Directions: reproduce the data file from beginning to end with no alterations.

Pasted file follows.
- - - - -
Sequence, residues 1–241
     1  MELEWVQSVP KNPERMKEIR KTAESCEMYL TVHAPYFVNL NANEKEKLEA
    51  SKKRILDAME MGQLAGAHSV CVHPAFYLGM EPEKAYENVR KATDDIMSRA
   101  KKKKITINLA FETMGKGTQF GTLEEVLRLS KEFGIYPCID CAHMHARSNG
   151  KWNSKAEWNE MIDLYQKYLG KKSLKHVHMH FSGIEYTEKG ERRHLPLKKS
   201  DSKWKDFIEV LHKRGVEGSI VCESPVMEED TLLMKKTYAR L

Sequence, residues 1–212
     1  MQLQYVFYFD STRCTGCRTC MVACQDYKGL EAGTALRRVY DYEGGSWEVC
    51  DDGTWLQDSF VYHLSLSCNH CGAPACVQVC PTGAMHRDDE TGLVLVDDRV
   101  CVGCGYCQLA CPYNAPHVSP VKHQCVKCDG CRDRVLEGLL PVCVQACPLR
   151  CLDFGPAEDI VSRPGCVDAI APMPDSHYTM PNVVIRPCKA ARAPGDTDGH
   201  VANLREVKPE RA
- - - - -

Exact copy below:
Sequence, residues 1–241
     1  MELEWVQSVP KNPERMKEIR KTAESCEMYL TVHAPYFVNL NANEKEKLEA
    51  SKKRILDAME MGQLAGAHSV CVHPAFYLGM EPEKAYENVR KATDDIMSRA
   101  KKKKITINLA FETMGKGTQF GTLEEVLRLS KEFGIYPCID CAHMHARSNG
   151  KWNSKAEWNE MIDLYQKYLG KKSLKHVHMH FSGIEYTEKG ERRHLPLKKS
   201  DSKWKDFIEV LHKRGVEGSI VCESPVMEED TLLMKKTYAR L

Sequence, residues 1–212
     1  MQLQYVFYFD STRCTGCRTC MVACQDYKGL EAGTALRRVY DYEGGSWEVC
    51  DDGTWLQDSF VYHLSLSCNH CGAPACVQVC PTGAMHRDDE TGLVLVDDRV
   101  CVGCGYCQLA CPYNAPHVSP VKHQCVKCDG CRDRVLEGLL PVCVQACPLR
   151  CLDFGPAEDI VSRPGCVDAI APMPDSHYTM PNVVIRPCKA ARAPGDTDGH
   201  VANLREVKPE RA